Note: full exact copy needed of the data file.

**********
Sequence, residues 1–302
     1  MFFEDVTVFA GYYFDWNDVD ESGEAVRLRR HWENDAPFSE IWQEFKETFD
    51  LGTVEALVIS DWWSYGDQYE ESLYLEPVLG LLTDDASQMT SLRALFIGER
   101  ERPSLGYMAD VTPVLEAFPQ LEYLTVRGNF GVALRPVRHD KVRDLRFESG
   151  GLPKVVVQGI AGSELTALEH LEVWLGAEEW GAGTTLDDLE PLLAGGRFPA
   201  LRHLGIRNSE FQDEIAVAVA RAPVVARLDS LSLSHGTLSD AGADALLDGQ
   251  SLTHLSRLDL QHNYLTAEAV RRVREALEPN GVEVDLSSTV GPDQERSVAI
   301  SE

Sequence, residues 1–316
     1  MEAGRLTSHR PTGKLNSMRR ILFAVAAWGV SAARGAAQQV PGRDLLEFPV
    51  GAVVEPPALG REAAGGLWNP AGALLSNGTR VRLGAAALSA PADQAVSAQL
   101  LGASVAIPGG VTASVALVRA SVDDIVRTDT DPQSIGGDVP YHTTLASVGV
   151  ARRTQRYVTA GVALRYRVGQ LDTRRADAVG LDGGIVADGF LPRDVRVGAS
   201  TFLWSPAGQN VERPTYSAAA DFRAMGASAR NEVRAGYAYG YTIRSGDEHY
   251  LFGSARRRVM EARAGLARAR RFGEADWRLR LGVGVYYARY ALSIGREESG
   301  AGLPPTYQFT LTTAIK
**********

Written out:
Sequence, residues 1–302
     1  MFFEDVTVFA GYYFDWNDVD ESGEAVRLRR HWENDAPFSE IWQEFKETFD
    51  LGTVEALVIS DWWSYGDQYE ESLYLEPVLG LLTDDASQMT SLRALFIGER
   101  ERPSLGYMAD VTPVLEAFPQ LEYLTVRGNF GVALRPVRHD KVRDLRFESG
   151  GLPKVVVQGI AGSELTALEH LEVWLGAEEW GAGTTLDDLE PLLAGGRFPA
   201  LRHLGIRNSE FQDEIAVAVA RAPVVARLDS LSLSHGTLSD AGADALLDGQ
   251  SLTHLSRLDL QHNYLTAEAV RRVREALEPN GVEVDLSSTV GPDQERSVAI
   301  SE

Sequence, residues 1–316
     1  MEAGRLTSHR PTGKLNSMRR ILFAVAAWGV SAARGAAQQV PGRDLLEFPV
    51  GAVVEPPALG REAAGGLWNP AGALLSNGTR VRLGAAALSA PADQAVSAQL
   101  LGASVAIPGG VTASVALVRA SVDDIVRTDT DPQSIGGDVP YHTTLASVGV
   151  ARRTQRYVTA GVALRYRVGQ LDTRRADAVG LDGGIVADGF LPRDVRVGAS
   201  TFLWSPAGQN VERPTYSAAA DFRAMGASAR NEVRAGYAYG YTIRSGDEHY
   251  LFGSARRRVM EARAGLARAR RFGEADWRLR LGVGVYYARY ALSIGREESG
   301  AGLPPTYQFT LTTAIK